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Mainstream, VOL LI, No 34, August 10, 2013

R. Krishnamurti: The UNCTAD Man

Monday 12 August 2013, by Muchkund Dubey

TRIBUTE

Rangaswami Krishnamurti, a renowned international civil servant who had his longest innings of service with the UNCTAD, expired at the age of 95 on July 18, 2013, in Columbus (USA). He leaves behind his wife (Meenakshi), daughter (Indira), two sons (Raju and Mahesh) and six grandchildren. Two of his grand-daughters work in the UN system, representing a continuation of Krishna’s abiding faith in multilateralism under the United Nations as the harbinger of world peace and prosperity.

Krishna, as we used to call him, is remem-bered principally for the role he played in the establishment of the Asian Development Bank (ADB) and United Nations Conference on Trade and Development (UNCTAD) and in nego-tiating the Generalised System of Preferences (GSP). All these institutions have been of immense signifi-cance to developing countries. The UNCTAD was a historic move towards the transfor-mation of the global economic order in order to make it just and equitable. The ADB has advanced to Asian developing countries loans and grants running into billions of dollars. The GSP has provided preferential access for the exports of manufactured goods developing countries in the markets of developed countries for more than four decades now. Though the more developed among the developing countries, like India, have been phased out of it, the GSP is still of considerable importance to the trade of the less developed countries, mostly in Africa.

After a stint as an economic journalist, Krishna joined the then Economic Commission for Asia and the Far East (ECAFE) and rose to the position of the Chief of its International Trade Division. It was in this capacity that he along with some other luminaries of Asia mooted the idea of creating the ADB and worked behind the scenes to bring it about. By the time the United Nations General Assembly, at its 1962 session, adopted the resolution for convening the UN Conference on Trade and Development and set up a Preparatory Committee, under the leadership of Dr Raul Prebisch, the then head of the Economic Commission for Latin America (ECLA), for this purpose, Krishna’s reputation had travelled to the United Nations Headquarters and beyond it to those of the UN Regional Economic Commissions, including the ECLA. He was widely known in these quarters for his deep knowledge of the procedures and rules and regulations of the United Nations system and for his astute understanding of the functioning of the group mechanism inside it. That is why Dr Raul Prebisch invited him to join, on depu-tation from ECAFE, his eight-member steering committee to prepare for the Conference. Krishna, the only Asian member on the committee, was put in charge of the delicate issue of the creation of a new institution which everyone expected to emerge from the Confe-rence. In the steering committee, Krishna was in the distinguished company of such eminent and committed economists and international civil servants as Sydney Dell and R. Manilowski. Krishna was also a member of the team accompanying Prebisch during the Asian part of his 13-nation tour, in September-October 1963, to build worldwide support for the Conference.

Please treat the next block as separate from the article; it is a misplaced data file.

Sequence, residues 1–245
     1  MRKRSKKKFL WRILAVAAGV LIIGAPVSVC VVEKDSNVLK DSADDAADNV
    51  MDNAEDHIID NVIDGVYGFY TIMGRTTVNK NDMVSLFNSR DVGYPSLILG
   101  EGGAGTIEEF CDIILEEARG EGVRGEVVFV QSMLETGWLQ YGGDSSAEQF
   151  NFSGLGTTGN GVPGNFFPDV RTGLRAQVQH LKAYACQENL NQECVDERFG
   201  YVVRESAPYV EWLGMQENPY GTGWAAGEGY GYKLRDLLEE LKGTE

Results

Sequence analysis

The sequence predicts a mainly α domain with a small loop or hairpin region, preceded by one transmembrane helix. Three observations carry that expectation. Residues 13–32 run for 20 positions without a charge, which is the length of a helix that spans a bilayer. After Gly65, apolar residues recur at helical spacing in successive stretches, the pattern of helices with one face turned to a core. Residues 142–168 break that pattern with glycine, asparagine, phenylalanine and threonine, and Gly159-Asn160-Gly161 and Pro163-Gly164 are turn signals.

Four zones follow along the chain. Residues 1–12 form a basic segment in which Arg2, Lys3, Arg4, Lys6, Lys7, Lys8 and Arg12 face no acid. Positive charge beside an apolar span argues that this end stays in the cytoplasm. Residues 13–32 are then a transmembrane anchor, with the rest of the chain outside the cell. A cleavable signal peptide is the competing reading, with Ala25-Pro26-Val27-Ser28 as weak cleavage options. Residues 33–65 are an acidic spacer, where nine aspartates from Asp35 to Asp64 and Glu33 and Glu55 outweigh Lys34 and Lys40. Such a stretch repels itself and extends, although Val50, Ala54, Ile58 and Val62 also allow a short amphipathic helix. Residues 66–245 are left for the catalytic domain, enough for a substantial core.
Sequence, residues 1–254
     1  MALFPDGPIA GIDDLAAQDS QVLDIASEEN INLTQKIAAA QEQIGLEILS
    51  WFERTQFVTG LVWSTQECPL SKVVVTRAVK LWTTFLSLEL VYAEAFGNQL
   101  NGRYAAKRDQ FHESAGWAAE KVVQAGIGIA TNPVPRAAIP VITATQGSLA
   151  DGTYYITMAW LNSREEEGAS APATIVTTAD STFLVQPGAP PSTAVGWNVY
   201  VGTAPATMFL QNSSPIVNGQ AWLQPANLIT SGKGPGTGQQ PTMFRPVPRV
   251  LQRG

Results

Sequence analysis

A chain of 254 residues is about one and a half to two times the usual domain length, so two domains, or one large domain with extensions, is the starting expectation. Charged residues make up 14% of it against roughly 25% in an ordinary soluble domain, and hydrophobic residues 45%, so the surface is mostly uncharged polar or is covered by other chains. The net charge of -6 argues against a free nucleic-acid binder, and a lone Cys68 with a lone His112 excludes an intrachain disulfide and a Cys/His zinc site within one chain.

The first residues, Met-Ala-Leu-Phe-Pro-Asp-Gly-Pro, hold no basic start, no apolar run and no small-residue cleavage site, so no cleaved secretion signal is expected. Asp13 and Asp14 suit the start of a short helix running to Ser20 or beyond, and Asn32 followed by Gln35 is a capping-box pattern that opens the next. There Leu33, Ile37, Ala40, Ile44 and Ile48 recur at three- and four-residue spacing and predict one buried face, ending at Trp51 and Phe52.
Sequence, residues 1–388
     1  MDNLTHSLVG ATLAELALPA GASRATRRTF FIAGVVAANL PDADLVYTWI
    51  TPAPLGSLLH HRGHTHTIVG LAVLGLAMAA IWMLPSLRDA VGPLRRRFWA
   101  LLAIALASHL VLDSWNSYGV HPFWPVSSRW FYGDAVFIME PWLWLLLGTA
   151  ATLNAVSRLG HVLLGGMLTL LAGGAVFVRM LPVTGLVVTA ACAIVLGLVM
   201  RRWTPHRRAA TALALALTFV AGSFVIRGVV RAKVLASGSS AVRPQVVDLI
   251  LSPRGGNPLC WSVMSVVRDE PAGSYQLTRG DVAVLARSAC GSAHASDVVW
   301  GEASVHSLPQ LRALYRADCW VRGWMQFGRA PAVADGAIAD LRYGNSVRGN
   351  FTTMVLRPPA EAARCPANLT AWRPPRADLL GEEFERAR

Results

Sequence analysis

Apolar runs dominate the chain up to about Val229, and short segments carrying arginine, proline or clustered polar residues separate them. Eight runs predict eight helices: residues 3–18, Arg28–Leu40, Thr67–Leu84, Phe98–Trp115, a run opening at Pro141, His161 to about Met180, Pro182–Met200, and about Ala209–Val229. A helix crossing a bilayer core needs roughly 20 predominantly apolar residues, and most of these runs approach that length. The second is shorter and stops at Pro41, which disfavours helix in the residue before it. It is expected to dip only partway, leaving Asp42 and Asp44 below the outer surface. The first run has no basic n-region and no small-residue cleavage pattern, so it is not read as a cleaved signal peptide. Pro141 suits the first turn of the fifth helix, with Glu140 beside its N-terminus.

The Conference was held in Geneva from February to June 1964. Towards its closing stage, when it seemed to be on the verge of collapse due to disagreement on the institutional issues, Prebisch invited eight selected delegates for informal negotiations in his apartment in Geneva. This negotiation lasted for ten days. The only one aide that Prebisch decided to have by his side was Krishna who has been very aptly described by Edgar J. Dosman, Prebisch’s biographer, as “infinitely discreet” and “master of UN institutional intricacies”. Dosman further writes that Krishna had also the advantage of having worked with C.V. Narisimham who was the Executive Secretary of ECAFE when Krishna served with him, and later became Secretary General U Thant’s chef-de-cabinet. This was of some importance because ultimately U Thant had to approve and commend to the General Assembly the institutional arrangement to emerge out of these negotiations. After the initial round of negotiations, Prebisch submitted a working paper, the so-called Prebish Paper, in the drafting of which Krishna played a key role.

The compromise that was agreed upon, largely based on this Paper, envisaged the regular convening after every four years of the UN Conference on Trade and Development (UNCTAD), and the creation of an executive body called the Trade and Development Board in which different regional groups would be proportionately represented with weightage given to Group B (developed market economy countries) which were expected to bear the main burden of making adjustments in their trade and development policies. The compromise also envisaged the creation of a Secretariat which would have a separate budget and enjoy full autonomy. The head of the Secretariat, that is, the Secretary-General of the UNCTAD, would be appointed by the UN Secretary-General with the approval of the General Assembly. The former would report directly to the UN. Secre-tary General and the General Assembly. Another innovation was the institutionalisation and legalisation, through a formal resolution of the UN General Assembly, of regional groups within the UN system. These were, apart from Group B already referred to, Group A (consisting of Afro-Asian countries), Group C (consisting of Latin American countries) and Group D (consisting of the centrally planned economy countries). A last-minute insertion in the compromise text was a reconciliation provision in the decision-making process in the Trade and Development Board, which could be availed of by any country or group before the Board resorted to voting on any provision that might “substantially affect” the financial and economic interest of particular countries.